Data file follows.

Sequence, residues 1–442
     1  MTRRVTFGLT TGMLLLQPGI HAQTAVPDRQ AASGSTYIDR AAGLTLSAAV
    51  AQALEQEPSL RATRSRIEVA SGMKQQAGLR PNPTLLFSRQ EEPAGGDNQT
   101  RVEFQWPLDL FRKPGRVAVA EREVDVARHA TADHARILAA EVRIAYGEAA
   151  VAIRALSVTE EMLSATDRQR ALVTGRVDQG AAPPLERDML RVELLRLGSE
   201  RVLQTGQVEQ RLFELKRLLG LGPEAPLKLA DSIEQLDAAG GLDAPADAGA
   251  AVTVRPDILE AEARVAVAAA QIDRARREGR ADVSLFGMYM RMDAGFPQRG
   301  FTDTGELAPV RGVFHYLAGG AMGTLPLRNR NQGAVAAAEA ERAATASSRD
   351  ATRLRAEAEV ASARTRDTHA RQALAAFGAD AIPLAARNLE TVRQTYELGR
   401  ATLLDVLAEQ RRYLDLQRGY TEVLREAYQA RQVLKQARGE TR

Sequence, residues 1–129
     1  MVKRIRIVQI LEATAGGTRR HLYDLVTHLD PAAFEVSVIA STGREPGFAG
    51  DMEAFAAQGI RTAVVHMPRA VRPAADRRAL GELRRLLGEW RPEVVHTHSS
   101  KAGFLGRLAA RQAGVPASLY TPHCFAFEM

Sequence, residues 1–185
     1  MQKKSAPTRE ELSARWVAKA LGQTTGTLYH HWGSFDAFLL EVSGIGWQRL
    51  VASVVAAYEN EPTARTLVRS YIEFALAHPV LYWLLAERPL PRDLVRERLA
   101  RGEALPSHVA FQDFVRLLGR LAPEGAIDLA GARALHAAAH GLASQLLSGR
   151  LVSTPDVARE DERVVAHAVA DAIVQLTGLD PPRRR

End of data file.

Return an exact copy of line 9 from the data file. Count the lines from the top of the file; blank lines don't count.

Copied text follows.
   351  ATRLRAEAEV ASARTRDTHA RQALAAFGAD AIPLAARNLE TVRQTYELGR